The coolest food trends in San Francisco in 2021

The year 2021, also known as the pandemic, has truly been a wild race for restaurants, and the food trends that flow from it reflect that. We’ve gone from full lockdown to full reopening, gathering first for the coolest parklets before finally taking our places in plant-filled dining rooms. But San Francisco diners have eaten their hearts out through it all, and the food-obsessed city has always found plenty of dishes, drinks, and other dining details to be appropriate. From the freshest, thinnest crudos to pineapple buns pumped with custard, from surprisingly affordable tasting menus to meals with dogs, these are the food trends that defined San Francisco in 2021.


Fancy Frozen Pizza

While it may seem like a distant memory, just 12 months ago San Francisco was still completely locked down, and one of the coolest trends was fancy freezer pizza. So much so that your hardworking editors at Eater SF have put together a definitive guide with spicy tasting notes. Pizzeria Delfina, Tony’s, Piccino and Casey’s always seem to offer frozen pies, if you want to stock up for the winter. What is a return to the shelter-in-place, right?

Crudo in Itria

Itria

Real raw fish

Moving on to the full reopening over the summer, it suddenly seemed like the Bay Area collectively craved raw fish. Itria opened coldly in the Mission with half a dozen different crudos on the menu, while Le Fantastique dazzled in Hayes Valley with small plates of raw and salted fish that defy omakase or crudo categorization. Even hot new openings like Ernest and Penny Roma no longer have a hamachi on the menu, but several different crudos, carpaccios and tartars.

Canned fish in La Bande

The band

Teeming canned fish

The canned fish trend has been around for a while, but while it arguably started on the home cooking side, it’s now spilling over onto city menus. Anchovy Bar has been one of the biggest openings in this pandemic, where the State Bird team are not only curing the local anchovies, but you can also sample different boxes side by side. As fun new bars like Chezchez and La Bande open cans of sardines and mussels and proudly put them on plates.

The inauguration pastries

Patricia chang

All Asian-American pastries

A cohort of talented bakers immersed themselves in Asian-American flavors and nostalgia last year: Bake Sum rained purple pineapple buns across the bay, stuffed cruffins from Sunday Bakeshop with Strawberry Pocky, Jina Bakes folded spicy braised baby back ribs into croissants, while the grand opening was stunned by her star-scorched honey pie.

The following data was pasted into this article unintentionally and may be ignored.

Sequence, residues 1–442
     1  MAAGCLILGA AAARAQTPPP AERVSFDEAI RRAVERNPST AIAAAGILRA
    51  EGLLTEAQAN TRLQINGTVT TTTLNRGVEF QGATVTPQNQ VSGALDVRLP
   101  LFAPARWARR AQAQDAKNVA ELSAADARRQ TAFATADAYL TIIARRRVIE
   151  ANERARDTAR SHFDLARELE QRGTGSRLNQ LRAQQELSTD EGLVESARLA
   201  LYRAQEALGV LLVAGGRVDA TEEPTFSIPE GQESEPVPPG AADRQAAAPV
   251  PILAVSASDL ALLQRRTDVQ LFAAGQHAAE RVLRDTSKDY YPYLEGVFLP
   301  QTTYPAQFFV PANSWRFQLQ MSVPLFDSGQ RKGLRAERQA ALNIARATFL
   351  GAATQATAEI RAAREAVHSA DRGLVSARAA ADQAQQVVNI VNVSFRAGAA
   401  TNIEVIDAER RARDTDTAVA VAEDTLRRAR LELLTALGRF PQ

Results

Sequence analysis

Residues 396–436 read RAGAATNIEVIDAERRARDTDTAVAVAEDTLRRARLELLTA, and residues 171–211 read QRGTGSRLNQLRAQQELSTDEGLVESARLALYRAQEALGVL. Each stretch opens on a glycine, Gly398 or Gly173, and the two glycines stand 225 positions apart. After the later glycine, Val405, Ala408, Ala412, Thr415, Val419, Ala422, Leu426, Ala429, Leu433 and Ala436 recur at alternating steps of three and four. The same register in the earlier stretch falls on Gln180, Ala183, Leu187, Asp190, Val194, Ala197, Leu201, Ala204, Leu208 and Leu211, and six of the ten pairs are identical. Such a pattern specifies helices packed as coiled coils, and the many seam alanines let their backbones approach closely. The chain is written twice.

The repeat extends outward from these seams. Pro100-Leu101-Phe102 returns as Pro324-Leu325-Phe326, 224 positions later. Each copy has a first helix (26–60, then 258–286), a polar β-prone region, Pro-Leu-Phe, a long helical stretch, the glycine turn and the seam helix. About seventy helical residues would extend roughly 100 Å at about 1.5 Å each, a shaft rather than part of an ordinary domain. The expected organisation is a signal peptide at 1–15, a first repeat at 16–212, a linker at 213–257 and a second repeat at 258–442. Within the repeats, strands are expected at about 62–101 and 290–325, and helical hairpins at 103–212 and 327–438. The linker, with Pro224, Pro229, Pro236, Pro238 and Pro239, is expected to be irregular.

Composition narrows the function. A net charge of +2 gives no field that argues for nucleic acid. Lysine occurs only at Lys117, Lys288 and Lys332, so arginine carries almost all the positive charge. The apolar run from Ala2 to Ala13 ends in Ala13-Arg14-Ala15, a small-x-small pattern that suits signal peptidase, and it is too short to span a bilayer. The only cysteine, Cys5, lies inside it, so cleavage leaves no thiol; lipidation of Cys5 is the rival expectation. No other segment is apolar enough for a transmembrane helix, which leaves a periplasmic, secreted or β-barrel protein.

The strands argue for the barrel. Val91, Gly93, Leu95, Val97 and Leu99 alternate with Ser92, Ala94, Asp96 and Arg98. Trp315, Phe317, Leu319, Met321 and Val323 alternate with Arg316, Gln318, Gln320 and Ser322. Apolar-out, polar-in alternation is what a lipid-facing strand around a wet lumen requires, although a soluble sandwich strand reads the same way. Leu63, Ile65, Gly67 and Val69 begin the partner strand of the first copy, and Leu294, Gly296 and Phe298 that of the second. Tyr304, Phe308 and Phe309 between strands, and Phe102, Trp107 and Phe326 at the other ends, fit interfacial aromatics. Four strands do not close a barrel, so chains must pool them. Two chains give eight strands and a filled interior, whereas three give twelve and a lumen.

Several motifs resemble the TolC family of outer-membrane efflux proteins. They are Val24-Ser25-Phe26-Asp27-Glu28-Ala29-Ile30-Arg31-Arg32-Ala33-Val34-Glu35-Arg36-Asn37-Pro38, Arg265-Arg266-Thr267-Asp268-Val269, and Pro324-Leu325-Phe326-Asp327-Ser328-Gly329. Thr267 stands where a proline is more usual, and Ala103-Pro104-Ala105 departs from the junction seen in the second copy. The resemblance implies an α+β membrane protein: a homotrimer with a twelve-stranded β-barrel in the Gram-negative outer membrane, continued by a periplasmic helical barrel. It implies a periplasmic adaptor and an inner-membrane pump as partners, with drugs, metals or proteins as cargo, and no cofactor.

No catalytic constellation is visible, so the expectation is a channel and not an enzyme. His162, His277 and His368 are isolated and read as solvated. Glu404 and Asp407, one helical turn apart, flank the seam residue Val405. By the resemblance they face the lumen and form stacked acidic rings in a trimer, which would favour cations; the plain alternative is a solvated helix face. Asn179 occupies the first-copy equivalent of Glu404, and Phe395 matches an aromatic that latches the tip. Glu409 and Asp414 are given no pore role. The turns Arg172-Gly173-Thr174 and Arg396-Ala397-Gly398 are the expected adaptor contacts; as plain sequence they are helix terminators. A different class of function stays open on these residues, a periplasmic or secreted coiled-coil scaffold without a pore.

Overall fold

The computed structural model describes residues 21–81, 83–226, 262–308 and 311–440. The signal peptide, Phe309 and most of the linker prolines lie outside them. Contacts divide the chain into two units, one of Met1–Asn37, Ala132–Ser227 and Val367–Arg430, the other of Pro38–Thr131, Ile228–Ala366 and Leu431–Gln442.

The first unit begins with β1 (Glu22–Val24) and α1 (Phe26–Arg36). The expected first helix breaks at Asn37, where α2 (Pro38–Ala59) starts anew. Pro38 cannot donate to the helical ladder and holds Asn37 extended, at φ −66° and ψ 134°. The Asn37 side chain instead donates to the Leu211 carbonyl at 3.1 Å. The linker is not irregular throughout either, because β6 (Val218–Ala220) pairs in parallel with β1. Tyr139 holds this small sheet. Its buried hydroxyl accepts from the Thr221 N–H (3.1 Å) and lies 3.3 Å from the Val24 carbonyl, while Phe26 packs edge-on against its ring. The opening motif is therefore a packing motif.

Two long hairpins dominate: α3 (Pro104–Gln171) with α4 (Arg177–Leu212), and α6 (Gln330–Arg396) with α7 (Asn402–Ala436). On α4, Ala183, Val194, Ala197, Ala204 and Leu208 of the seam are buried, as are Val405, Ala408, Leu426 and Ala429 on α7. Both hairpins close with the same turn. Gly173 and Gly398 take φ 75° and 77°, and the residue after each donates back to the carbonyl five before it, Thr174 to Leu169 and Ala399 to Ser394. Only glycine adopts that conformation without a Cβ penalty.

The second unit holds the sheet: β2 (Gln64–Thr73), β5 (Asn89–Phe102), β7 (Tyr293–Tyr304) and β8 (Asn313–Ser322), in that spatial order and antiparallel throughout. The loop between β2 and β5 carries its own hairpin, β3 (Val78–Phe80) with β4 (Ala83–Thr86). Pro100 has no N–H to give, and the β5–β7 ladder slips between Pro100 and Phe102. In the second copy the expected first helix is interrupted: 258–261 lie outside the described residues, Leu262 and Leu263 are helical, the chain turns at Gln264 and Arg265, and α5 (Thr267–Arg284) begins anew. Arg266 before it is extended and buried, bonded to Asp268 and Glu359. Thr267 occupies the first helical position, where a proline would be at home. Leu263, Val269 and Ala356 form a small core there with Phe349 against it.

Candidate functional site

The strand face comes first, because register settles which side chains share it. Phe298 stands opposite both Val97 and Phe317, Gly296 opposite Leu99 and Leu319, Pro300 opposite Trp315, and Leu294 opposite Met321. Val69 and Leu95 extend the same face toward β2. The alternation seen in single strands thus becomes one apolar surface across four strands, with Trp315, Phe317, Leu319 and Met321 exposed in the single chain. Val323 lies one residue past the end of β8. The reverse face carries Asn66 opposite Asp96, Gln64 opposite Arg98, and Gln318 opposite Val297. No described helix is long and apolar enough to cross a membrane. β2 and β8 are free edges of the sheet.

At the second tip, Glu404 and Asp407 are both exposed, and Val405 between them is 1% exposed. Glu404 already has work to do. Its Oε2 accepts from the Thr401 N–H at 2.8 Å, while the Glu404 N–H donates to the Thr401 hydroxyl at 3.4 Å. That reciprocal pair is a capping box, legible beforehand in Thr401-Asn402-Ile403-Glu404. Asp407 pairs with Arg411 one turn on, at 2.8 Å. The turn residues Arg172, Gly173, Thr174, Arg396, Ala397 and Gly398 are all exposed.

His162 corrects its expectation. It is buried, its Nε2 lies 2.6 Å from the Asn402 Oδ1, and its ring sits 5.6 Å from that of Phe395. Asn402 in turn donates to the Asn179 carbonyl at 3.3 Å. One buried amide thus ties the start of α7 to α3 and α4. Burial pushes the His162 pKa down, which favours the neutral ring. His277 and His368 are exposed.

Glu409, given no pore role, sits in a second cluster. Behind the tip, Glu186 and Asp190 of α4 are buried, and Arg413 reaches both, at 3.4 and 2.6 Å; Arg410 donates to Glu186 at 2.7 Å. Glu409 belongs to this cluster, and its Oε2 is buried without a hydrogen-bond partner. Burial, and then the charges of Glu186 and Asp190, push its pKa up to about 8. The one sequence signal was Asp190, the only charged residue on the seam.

Patricia chang

Attractive and affordable tastings

The Michelin star craze took hold in the fall, when these fanciful French inspectors released an update to the California guide. But Bay Area diners seem interested in more affordable tasting menus these days: the town has fallen in love with Marlena, the dizzying mum and Michelin pop in Bernal Heights, where four courses cost $ 65. In an affordable omakase, Chisai Sushi Club launched a Full Experience for $ 80, while Sushi Sato offers snack tastings for $ 40 to $ 55. The new Hilda and Jesse even cooks a tasting menu for breakfast – serving three courses for $ 45.

Espresso martinis at Balboa Cafe

Balboa Cafe

Espresso Martini Mania

Let’s not call it a trend, because we’ve always had strong coffee cocktails in San Francisco. But in particular, the espresso martinis have gone on a super caffeinated overdrive this year. Soft and smooth with double the buzz, Velvet Hammer is on the nitro tap at Balboa Cafe and shakes at 15 Romolo and Macondray, to name a few great versions, and drinkers just can’t seem to get enough of it.

The pristine white wooden parklets in Wildseed

Patricia chang

Cool and creative parklets

Between late approval and unfair fines, it has been a difficult road to make parklets permanent in San Francisco. Either way, restaurants have shed endless sweat, tears and creativity in the outdoor spaces, from bold modern designs to paper lanterns and serene succulents, from library-inspired lounges to tugs and streetcars.

A red shiba inu sits on a chair and eats a treat at Angler's.

Patricia chang

Dinner with dogs

The pandemic puppy boom has also infiltrated restaurants. First, several locals have named their restaurants after dogs: meet Lady pitbull Lucy of Lucinda’s Deli, resident Kona bar dog of Kona’s Street Market, and of course the esteemed Mr. Digby of Mr. Digby’s. But it’s not just chefs and bartenders who are obsessed with their dogs. Diners love to bring them to the parklets, so much so that restaurants are obliging with “yappy hour” menus all over town, from canine “caviar” at Angler to “churro chews” at Tacolicious.

Plants inside the propagation

Patricia chang

Lots of lush plants

And the plant-mom trend is also thriving in restaurants. Once the dining rooms reopen, everywhere you look restaurants and bars are dripping with plants. The Spread Plant Bar, Nightingale Fern Bar, Macondray and more are teeming with plants, it’s like you can’t even sip a cocktail without brushing your leaves – in a good way.

A glass of wine catches the afternoon sunlight on a yellow table.

David matesanz

Endless natural wine

And finally, the trend for natural wines has continued to flow this year. Trendy new wine bars like Daytrip, Snail Bar and Bar Part Time have unearthed natural and quirky bottles, opening them under glittering disco balls and turning future regular evenings into bacchanal parties. And even during hot new restaurant openings, it feels like you can’t open a menu without natties featured prominently on the wine list.


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